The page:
Tackling an
environmental disease

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Primary prevention is the answer

Ethics and prevention


Information on this webpage is drawn from our 2005 report: Breast cancer - an environmental disease: the case for primary prevention, available free as a pdf, see Downloads. For current statistics and data, see our homepage.

The deliberate and routine release of carcinogens into the environment is as unthinkable as the practice of slavery.
(Steingraber 1997)

Ethics and environmental hazards

The rationale for banning, reducing or eliminating man-made carcinogens and endocrine-disrupting chemicals from our environment is an ethical one. The release of such agents into the air we breathe, their presence in the food chain and the potential for their absorption in human blood, bone, body tissue and organs are the most compelling reasons for making ethically based decisions to safeguard both environmental and human health. The fact that
'Despite the implicit and potential hazards, chemical-manufacturing companies are not required to show that their products are safe before they are marketed.'
(WWF 2003)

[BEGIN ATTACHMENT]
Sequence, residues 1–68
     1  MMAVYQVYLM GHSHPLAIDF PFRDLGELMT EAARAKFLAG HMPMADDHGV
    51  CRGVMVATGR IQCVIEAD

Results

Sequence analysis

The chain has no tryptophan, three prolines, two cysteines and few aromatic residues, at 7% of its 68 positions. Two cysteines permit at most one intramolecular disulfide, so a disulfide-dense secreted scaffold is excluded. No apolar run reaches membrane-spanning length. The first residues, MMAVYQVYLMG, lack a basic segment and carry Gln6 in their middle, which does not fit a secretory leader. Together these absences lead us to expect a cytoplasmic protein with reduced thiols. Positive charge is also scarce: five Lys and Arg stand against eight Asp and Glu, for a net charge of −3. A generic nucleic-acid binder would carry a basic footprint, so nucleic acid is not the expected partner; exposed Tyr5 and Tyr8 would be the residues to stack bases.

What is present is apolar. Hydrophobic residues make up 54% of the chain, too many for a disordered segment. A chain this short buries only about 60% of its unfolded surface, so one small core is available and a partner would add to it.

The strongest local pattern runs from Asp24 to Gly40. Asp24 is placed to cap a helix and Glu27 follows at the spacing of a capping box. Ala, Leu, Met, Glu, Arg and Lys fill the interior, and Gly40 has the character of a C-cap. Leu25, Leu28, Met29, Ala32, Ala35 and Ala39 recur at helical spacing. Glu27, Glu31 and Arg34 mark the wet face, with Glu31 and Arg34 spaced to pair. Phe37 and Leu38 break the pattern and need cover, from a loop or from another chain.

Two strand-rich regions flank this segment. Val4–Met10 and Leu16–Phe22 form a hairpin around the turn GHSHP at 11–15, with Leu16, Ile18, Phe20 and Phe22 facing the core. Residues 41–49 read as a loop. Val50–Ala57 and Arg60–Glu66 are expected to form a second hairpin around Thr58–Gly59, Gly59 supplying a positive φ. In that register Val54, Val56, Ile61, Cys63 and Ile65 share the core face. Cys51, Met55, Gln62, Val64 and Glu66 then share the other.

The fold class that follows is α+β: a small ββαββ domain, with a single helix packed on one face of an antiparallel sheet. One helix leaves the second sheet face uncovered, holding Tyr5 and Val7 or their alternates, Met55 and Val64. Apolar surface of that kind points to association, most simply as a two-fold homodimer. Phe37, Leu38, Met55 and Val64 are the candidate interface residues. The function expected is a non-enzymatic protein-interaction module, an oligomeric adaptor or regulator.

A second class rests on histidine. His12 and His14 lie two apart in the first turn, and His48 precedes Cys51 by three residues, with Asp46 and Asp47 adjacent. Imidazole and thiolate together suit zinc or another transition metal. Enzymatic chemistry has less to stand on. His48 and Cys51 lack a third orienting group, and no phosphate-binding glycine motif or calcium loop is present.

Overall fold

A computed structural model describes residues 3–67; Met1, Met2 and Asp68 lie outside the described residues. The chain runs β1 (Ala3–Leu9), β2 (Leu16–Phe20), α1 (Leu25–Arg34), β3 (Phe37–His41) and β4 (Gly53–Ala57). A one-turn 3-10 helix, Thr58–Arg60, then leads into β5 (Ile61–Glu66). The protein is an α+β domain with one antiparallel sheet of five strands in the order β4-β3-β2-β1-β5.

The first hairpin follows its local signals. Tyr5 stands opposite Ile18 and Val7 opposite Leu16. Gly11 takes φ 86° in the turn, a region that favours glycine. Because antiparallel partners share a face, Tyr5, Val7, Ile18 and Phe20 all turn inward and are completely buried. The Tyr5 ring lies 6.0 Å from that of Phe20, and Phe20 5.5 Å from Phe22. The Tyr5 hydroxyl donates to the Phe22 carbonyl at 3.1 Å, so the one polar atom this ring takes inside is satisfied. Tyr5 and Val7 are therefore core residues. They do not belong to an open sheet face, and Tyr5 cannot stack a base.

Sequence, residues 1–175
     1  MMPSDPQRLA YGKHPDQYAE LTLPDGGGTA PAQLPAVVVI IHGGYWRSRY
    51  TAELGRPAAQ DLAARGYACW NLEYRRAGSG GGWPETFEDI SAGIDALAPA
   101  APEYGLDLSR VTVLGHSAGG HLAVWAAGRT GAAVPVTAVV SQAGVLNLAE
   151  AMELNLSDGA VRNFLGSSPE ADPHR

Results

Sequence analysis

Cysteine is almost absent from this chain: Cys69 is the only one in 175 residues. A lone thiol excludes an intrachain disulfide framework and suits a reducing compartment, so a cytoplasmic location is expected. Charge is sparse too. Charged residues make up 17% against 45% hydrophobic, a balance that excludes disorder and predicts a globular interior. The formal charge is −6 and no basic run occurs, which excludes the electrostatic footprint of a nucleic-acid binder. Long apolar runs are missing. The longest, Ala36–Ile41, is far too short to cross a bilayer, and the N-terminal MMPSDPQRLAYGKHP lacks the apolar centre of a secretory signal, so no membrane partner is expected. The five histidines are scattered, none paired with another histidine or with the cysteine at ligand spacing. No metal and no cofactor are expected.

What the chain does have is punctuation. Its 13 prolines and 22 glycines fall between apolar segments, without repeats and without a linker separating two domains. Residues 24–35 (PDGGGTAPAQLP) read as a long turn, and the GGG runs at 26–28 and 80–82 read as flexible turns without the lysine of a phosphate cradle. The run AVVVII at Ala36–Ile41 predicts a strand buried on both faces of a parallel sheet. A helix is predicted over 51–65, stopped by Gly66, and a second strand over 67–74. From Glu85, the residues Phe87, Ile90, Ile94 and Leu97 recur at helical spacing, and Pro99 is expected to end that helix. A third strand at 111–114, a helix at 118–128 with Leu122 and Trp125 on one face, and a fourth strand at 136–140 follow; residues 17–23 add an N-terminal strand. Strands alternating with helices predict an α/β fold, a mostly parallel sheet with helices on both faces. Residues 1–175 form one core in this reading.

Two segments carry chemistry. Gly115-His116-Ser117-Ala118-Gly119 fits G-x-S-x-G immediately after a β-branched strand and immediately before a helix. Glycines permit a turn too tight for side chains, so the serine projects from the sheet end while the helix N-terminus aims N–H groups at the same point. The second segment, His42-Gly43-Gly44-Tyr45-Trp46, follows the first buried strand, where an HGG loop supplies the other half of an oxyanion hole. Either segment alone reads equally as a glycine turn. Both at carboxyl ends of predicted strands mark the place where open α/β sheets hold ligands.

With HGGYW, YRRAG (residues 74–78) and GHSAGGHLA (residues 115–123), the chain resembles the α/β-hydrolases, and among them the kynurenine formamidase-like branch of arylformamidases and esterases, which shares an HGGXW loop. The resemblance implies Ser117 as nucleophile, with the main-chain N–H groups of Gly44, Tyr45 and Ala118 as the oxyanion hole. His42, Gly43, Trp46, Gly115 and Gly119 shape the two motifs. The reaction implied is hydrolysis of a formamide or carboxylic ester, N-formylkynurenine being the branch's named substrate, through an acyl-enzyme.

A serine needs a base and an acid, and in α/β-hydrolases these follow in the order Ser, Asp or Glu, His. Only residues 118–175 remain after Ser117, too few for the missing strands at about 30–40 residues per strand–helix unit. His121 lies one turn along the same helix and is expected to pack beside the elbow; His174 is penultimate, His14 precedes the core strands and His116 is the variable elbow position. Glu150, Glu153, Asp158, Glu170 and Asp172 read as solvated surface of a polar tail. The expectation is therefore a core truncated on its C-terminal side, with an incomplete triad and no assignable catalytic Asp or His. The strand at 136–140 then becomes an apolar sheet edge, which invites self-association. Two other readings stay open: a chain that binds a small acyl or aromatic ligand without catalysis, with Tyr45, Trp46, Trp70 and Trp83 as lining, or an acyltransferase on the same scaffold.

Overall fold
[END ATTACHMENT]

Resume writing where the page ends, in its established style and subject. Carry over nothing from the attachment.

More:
The scientific community and ethics of prevention

Despite growing recognition in the scientific community of the impact of specific environmental factors on health, few from that community are seen or heard expressing interest in primary prevention or concern about its neglect.
'Independent, honest scientists are absolutely necessary in a present-day democracy, whether they are working within the Government, paid by the taxpayer, or in the commercial sector. Important decisions impacting on public health and safety, the environment, as well as the social and economic benefit to civil society, all hinge on the honesty of scientists and the reliability of scientific advice given there must be open debate when scientists disagree with one another conducted in terms comprehensible to the general public, so that the public can participate in making decisions.'
(Dr Mae-Wan Ho)
One example of the importance of independence in assessing health risks was a review of studies on selected chemicals (alachlor, atrazine, formaldehyde and perchloroethylene) that 'exposed industry bias in findings where 60% of studies conducted by non-industry researchers found these chemicals hazardous, while only 14% of industry-sponsored studies did so.'
(Fagin et al 1997)
It smells, doesn't it? When those who are assessing the danger of the (nuclear) industry are in the pay of the industry. It's like the fox guarding the hen house.
(Stewart/Greene 1999)

The particular obligation for chemists

'One of the most basic philosophical reasons that chemists must try to make the work they do and the substances they use as environmentally benign as possible is that we can. With knowledge of how to manipulate and transform chemicals, coupled with the basic hazard data that can be accessed readily from a variety of sources, chemists have it in their power to reduce or eliminate the risk posed to themselvesand society in general by the chemical enterprise.'